In the past, Laos has long had a major influence in the whole complex Indochinese mosaic with kingdoms located in areas crucial to the control of the Mekong and areas considered central to local cultures and the spread of Buddhism. In times like today it is under the constant threat of warlike neighbours, Khmer, Thai, Burmese, Vietnamese and Chinese, who have made it even more increasingly difficult to remain a unified power.
An attempt that had to yield to the entry on the regional scene of a European power, France, which since 1887, with the treaty that ended the war with China, gave rise to the Indochinese colony with the inclusion of Vietnam and Cambodia. In 1893, the Franco-Siamese Treaty transferred the Laotian territory east of the Mekong to France, creating a French protectorate over nearly the entire current Lao territory.
French colonization did not actually succeed in changing the structure of society and Laotian tradition, also keeping in place the Monarchy (the Khun Lon dynasty) and most of the pre-existing administrative structures. Economic and technological development was reduced. French studies and the sending of many young local intellectuals to France resulted in being decisive, however, in creating an opposition movement that, similar to the experience of other countries in the region, was to develop into real opposition to the colonial system.
Accelerating this possibility was the Japanese invasion. Effectively abandoned to its fate by the European colonizer, Laos was declared independent (from the European power) by the Japanese in April 1945. With the defeat of the Japanese empire a few months afterwards, petitions for independence proved themselves to be illusory. Some concessions but also new repression were the response of the French on their return to Vientiane, weakened, but determined not to give up the Indochinese colonies. The recognition of the right to independence of the country by the US in 1950, was followed by the proclamation of the Kingdom of Laos under King Souvannaphouma and independence from France, defeated by the Vietnamese at Dien Bien Phu, but also by the lack of agreement with the communist forces who began a guerrilla army backed by Vietnam and co-led by Prince Soupanouvong, half-brother of the king.
The Pathet Lao (country of the Lao) that was founded in 1950, joined forces with the Viet Minh nationalist Vietnamese, with which it shared the communist ideology, to remove the region from European influence. Since 1956, the political wing of the Pathet Lao, the Lao Patriotic Front, became part of the troubled political landscape in coalition governments until the movement took up arms again, this time against the United States and the Laotian government they supported.
Since 1964, this country also became involved in the Vietnam War with what came to be known as the ‘secret war’ conducted by the CIA with the support of the Hmong ethnic group and irregular Thais against the Pathet Lao, but above all against the Vietnamese who had intervened directly in the country.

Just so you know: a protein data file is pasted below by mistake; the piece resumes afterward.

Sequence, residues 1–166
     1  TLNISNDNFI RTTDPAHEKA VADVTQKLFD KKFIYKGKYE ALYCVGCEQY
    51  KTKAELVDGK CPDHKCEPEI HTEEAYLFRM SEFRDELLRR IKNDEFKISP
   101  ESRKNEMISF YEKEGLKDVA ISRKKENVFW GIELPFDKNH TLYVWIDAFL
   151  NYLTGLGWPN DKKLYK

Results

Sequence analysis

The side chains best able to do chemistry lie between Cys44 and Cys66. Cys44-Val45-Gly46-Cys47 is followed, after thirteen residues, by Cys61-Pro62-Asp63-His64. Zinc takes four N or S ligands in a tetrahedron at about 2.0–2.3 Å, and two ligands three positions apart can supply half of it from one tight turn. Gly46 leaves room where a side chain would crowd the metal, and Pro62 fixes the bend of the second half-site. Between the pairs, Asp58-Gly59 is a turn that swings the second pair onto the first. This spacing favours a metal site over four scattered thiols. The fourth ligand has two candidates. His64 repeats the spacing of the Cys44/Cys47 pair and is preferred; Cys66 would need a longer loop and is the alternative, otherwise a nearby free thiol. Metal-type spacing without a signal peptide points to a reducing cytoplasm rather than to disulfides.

In 1975, on the abdication of the king, prince Soupanouvong become president of the People’s Democratic Republic of Laos, while Kaysone Phomviane became prime minister. The desire to close out the external world and to repress the internal one isolated the country, which formally joined the Non-Aligned Movement.
With the end of the Indochina conflict, the Pathet Lao consolidated its control at the expense of its pro-Western opponents, but also of sectors of society. There was harsh repression against some ethnic groups – against the Hmong with characteristics of genocide – against the Buddhist community, intellectuals they believed to be hostile and pro-monarchists. The voluntary withdrawal of Prince Soupanouvong in 1986 (the royal dynasty Khun Lon continues to seek a role through Prince Soulivong Savang, in self-imposed exile in Paris), ushered in a period of moderate reforms, accelerated since 1991 under the leadership of Prime Minister Kamthay Siphandone who gradually opened up to tourism, investment and foreign influences. President since 1996, in 2006 Siphandone was replaced in the position of head of state by Souriya Choummaly Sayasone, who according to practice also holds the post of Secretary General of the People’s Revolutionary Party. Inevitably, Thongsing Thammavong, prime minister since 2010, was also let go from the party ranks. The consequences of the Indochinese conflict affected not only the ideological inheritance but also the management of the single party and the marginalization of the losing minorities.
Today Laos is still living the consequences of its sad distinction of being the country in which historically the greatest number of bombs was dropped. It is estimated that American bombers dropped two million tons of bombs (more than on the whole of Europe during the Second World War) on the country in about 600,000 missions, partly unexploded ordinances, perhaps 30% of which remain a threat to the population. The total number of victims at the end of the war was 50,000 and still today a hundred a year dead or wounded. A commitment, that of reclamation, which has cost at least $25 million so far involving in addition to the Lao government, also international organizations, and particularly from cluster bombs, 90% of the bombs defused so far, that due to their size and characteristics remain a threat, especially for children and farmers. A situation which, as Phoukhieo Chanthasomboune, director general of the Laotian Authority for the cleaning up of bombs and defusing mines, pointed out some time ago, could cost the country “centuries of efforts to arrive at a final solution”. Moreover, according to official sources, an 87,000 km square area of territory, more than one third of the total area, is contaminated by chemicals as a result of the conflict, with only 2% of the surface reclaimed so far. (S.V.)